Training a New Generation of Leaders
Welch, Reed L., Journal of Leadership Studies
This article highlights the Eisenhower Leadership Development Program, an undergraduate course with a two-fold purpose: (1) to develop students' leadership skills and abilities, and (2) to foster in students a desire to use their leadership abilities to address the different problems that communities and society face. To accomplish this the course uses traditional classroom instruction, guest speakers, leadership games and activities, and, most notably, semester-long group projects. Through the group projects students apply the leadership skills they have learned in class to real world situations and become more conscious of the positive contributions they can make as leaders in their communities.
Training a New Generation of Leaders(1)
Most would agree that one of the purposes of higher education is to help develop an informed and responsible citizenry that is knowledgeable and understand the democratic system. As part of this education, however, not often enough do we stress the need for active participation in the system, the process of participating, and the leadership role and impact citizens can have. Indeed, people frequently identify societal problems and look to elected and appointed public officials for leadership in finding solutions. Yet leadership and the ability to address societal problems takes place at all levels by people "who are actively engaged in making a positive difference in society. A leader, in other words, is anyone -- regardless of formal position -- who serves as an effective social change agent, so in this sense every student ... is a potential leader" (Astin, 1997, p. 9).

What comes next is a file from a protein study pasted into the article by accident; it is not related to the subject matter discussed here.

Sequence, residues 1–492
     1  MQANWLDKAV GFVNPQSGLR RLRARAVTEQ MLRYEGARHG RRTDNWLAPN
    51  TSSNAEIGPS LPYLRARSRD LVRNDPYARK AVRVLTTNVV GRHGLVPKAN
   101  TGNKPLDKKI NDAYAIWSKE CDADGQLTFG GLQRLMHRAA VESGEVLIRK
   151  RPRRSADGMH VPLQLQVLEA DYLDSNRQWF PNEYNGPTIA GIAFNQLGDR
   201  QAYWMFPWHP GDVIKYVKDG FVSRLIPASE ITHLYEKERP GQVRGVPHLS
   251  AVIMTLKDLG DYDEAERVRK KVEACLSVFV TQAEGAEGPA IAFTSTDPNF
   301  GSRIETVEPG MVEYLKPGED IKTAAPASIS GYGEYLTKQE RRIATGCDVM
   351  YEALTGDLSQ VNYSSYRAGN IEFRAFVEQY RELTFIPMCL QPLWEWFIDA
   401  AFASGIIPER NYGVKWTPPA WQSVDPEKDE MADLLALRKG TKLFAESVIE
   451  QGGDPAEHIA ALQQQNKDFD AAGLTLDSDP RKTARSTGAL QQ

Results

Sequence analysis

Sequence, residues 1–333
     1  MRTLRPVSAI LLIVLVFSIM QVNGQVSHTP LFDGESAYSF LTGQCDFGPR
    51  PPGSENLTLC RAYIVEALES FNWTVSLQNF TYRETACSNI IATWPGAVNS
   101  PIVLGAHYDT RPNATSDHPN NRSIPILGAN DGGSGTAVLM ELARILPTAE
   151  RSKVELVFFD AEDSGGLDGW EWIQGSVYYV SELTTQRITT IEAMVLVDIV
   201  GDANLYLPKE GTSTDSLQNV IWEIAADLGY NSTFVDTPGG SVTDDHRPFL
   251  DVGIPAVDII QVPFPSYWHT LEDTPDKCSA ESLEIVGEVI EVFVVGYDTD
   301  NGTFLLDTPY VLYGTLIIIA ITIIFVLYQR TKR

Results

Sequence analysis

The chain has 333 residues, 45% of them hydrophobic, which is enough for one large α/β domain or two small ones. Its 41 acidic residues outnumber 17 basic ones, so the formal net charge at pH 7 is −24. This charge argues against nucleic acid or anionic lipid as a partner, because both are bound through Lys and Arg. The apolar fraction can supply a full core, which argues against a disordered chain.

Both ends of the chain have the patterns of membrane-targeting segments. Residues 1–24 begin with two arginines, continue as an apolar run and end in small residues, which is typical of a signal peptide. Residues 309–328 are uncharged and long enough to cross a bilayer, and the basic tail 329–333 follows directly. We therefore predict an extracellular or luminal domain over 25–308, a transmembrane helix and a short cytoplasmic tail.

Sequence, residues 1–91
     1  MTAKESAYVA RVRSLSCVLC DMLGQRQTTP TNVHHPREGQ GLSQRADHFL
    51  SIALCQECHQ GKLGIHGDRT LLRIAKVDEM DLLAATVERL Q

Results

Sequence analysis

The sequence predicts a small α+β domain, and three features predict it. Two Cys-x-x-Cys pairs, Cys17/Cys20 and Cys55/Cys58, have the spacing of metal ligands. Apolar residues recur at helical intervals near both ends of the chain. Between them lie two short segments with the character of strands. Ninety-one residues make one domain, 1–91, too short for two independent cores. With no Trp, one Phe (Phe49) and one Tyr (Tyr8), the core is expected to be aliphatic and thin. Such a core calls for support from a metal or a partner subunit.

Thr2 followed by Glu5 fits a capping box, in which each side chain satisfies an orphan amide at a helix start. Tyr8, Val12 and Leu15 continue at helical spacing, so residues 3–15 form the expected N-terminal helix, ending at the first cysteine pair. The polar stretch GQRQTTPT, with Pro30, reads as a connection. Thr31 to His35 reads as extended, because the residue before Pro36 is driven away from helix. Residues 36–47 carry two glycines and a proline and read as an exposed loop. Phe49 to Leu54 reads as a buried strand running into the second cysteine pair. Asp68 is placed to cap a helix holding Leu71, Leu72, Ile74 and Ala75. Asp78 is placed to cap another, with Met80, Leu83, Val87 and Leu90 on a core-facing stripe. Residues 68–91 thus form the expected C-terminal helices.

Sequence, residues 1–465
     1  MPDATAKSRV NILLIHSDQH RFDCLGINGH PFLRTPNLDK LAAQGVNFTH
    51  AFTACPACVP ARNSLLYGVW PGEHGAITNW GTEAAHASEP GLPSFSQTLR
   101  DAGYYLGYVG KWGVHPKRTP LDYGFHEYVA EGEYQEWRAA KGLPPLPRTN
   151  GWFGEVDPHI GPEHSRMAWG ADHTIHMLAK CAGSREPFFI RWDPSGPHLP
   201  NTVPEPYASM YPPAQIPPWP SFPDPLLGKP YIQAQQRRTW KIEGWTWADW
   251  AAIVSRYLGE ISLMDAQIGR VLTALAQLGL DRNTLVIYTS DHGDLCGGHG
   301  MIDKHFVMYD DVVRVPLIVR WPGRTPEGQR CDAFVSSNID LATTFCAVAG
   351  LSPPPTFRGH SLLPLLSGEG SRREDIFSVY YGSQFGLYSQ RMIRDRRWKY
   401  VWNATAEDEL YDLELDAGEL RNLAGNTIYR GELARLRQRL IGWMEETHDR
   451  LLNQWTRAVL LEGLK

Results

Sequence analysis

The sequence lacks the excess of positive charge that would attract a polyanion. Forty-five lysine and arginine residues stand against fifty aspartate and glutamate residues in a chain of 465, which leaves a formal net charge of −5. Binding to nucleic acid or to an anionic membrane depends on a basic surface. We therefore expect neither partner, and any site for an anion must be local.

Because every student "is a potential leader" who can work to create positive change in society, it is not enough to confine education to helping students become more knowledgeable about current issues or about how government works. Education should also encourage the development of skills and attitudes that will result in students becoming effective leaders in addressing societal and community problems. Indeed, Astin argues that the "`leadership development' challenge for higher education is to empower students, to help them develop those special talents and attitudes that will enable them to become effective social change agents" (Astin, 1997, p. 9).
What leadership education should include may vary depending on a person's concept of leadership and the purpose of the training. However, at the heart of leadership education, most would include the need to train students to grasp the problems and issues facing society, to develop analytical and problem-solving skills, to learn to communicate and work effectively as members of a team, to have experience working in groups, to learn to work with people of diverse backgrounds, cultures, and academic disciplines, to learn to establish goals and motivate others to achieve those goals, and to know how to speak and write effectively (e.g.; Hersh, 1998; Hopkins and Hopkins, 1998; Brungardt, Gould, Moore, and Potts, 1997; Hashem, 1997; Reed, 1996; Conger 1992; Dertouzos, Lester, and Solow, 1989).
Most often leadership education takes place under the guise of training students to be productive workers and leaders in the workforce. Although preparing students for civic leadership may pose as being very different from training students for careers, the two are not as different as we sometimes think. Many of the characteristics that businesses and potential employers desire in their employees are the components that make up an effective leader in the community. Just as developing problem-solving and analytical skills, learning to work and communicate in groups of diverse backgrounds, cultures, and training, and knowing how to effectively write and speak are essential for students to succeed in their careers, these skills and experiences are also important in making students "effective social change agent [s]." What is needed, however, is for these skills and concepts to be taught in the context of being used to improve the community and society rather than as a means of obtaining a higher-paying job. …